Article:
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Canon Ixus 300 HS review

Ben Pitt
16 Jul 2010
Canon IXUS 300 HS
Our Rating 
Price when reviewed 
304
inc VAT

Great looks and operational simplicity, plus image quality to rival enthusiast-oriented compacts – it’s a little on the pricey side though.

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Specifications

1/2.3in 10.0-megapixel sensor, 3.8x zoom (28-105mm equivalent), 175g

Ixus cameras are undeniably sleek, but comparisons with Canon’s own PowerShot range risks exposing them as an exercise in style over substance. This latest model aims to quell such aspersions with generous helpings of both. It’s a little heavier than other Ixus cameras but it looks and feels extremely luxurious. The LCD is a 3in widescreen and there’s an HDMI socket for HD playback. We particularly like the matt black paint job, although it did pick up a few scratches during testing.

Inside, there’s a 10-megapixel back-illuminated CMOS sensor and wide-aperture lens, both of which should help reduce image noise in low light. Meanwhile, the HS suffix comes from the fact that this sensor is much faster than the CCDs used in other Canon compacts. This allows the camera to capture video at 240fps, playing back at 30fps to give 1/8-speed slow motion. Compressing 240fps video to AVC format is hard work, though, which explains why these clips are limited to a tiny 320x240-pixel resolution. The standard video mode is much better, capturing attractive 1280x720-pixel footage at 30fps with stereo sound.

It’s not particularly quick at taking photos. We measured 2.4 seconds to switch on and shoot and 2.5 seconds between shots. The autofocus was the main culprit, taking around a second to lock onto subjects. Flash photography was better, with gaps of under six seconds between shots with the flash at full power. The 2.6fps continuous mode is excellent but we couldn’t reproduce the claimed 3.7fps speed.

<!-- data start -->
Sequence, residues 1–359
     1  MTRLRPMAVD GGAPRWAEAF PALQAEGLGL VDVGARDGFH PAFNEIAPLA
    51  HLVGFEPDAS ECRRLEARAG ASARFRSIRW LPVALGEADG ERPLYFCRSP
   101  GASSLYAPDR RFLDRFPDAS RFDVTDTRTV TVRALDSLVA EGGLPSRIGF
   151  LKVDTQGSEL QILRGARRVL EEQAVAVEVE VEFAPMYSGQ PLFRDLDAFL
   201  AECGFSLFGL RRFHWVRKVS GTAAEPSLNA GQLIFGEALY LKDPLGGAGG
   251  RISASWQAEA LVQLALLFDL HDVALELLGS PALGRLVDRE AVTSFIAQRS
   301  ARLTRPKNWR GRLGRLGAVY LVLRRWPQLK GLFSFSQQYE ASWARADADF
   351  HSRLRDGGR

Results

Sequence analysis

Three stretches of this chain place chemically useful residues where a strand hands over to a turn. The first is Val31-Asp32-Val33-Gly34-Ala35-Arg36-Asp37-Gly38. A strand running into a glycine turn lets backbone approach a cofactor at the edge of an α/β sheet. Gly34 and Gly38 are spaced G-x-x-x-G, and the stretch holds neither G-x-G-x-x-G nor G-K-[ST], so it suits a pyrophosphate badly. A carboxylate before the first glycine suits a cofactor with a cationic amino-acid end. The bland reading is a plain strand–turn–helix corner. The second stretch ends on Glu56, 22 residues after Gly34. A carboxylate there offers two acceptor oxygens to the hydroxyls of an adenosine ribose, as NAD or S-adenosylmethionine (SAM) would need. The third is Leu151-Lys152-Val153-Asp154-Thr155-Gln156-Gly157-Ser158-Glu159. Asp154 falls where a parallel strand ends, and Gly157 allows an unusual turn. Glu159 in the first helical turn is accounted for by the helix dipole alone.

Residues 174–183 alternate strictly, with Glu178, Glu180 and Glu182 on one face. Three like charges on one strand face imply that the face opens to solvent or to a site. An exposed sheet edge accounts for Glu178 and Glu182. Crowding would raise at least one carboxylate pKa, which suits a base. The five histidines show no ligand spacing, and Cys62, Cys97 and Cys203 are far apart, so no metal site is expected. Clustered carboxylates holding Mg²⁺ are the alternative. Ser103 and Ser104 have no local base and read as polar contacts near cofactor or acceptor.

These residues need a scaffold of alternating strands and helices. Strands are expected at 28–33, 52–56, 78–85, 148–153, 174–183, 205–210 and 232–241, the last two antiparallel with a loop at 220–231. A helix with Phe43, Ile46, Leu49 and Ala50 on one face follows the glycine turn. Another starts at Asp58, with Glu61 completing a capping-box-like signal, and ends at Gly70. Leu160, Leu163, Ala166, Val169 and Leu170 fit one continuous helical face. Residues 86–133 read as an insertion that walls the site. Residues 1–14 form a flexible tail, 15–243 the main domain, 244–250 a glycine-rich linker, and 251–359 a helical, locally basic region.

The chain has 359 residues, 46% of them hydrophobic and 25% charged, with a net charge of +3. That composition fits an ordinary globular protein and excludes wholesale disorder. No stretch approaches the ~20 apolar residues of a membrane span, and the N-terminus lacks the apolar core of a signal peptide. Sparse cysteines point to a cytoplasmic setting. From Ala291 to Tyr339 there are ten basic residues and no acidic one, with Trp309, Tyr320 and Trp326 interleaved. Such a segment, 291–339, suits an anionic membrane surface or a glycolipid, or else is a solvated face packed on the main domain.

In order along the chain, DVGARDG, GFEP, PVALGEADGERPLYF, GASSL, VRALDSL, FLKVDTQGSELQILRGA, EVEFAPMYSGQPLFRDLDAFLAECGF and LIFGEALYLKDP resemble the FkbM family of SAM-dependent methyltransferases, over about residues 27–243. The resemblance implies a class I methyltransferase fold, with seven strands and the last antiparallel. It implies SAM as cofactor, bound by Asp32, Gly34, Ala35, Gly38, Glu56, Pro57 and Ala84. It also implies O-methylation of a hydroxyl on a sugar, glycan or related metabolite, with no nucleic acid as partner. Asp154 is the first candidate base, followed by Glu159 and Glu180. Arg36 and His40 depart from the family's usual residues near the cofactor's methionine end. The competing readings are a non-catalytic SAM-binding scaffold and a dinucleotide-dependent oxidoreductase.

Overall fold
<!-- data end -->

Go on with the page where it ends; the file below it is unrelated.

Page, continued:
While the 300 HS has the credentials to compete with enthusiasts’ compact cameras such as the Canon PowerShot S90, operationally it’s very much a point-and-shoot model. The mode switch has just three options – Auto, Program and Video. The navigation pad doubles as a dial for adjusting settings but almost all photographic options require a trip to the menu.

It’s disappointing that the pad isn’t labelled. Clicking its top, bottom or sides accesses exposure compensation, macro, flash and display options, but the temporary on-screen graphic to advertise these functions is no substitute for proper labels. There’s a reasonable amount of photographic control including aperture- and shutter-priority modes, but no manual exposure or focus options. That’s no problem for casual snappers but this really isn’t a camera for those who like to tweak settings regularly.

Fortunately, the 300 HS took some beautiful photos on automatic settings. Colours were lush and a touch warmer than usual, especially in flash-lit skin tones, but the results were consistently flattering. Tricky lighting conditions such as high-contrast scenes and backlit portraits were handled elegantly, and there were hardly any duds in our hundreds of test shots.

Unlike other cameras we’ve seen with back-illuminated CMOS sensors, there was no discernable noise in brightly lit shots taken at the base ISO speed. Details weren’t as crisp as from other cameras at this price, such as the PowerShot S90, but the difference was pretty small. In low light, the back-illuminated sensor and wide aperture kept noise impressively low, but details were softer still – a side effect of noise-reduction processing.

These photos were better than those from most point-and-shoot cameras, but the difference wasn’t as big as we’d hoped. That’s partly because the Canon’s wide f/2 aperture is only available for wide-angle shots. Zoomed in, it narrows to f/5.3, which isn’t so remarkable. We also found that the automatic mode was overly cautious in its efforts to avoid blur, picking unnecessarily fast shutter and ISO speeds in low light.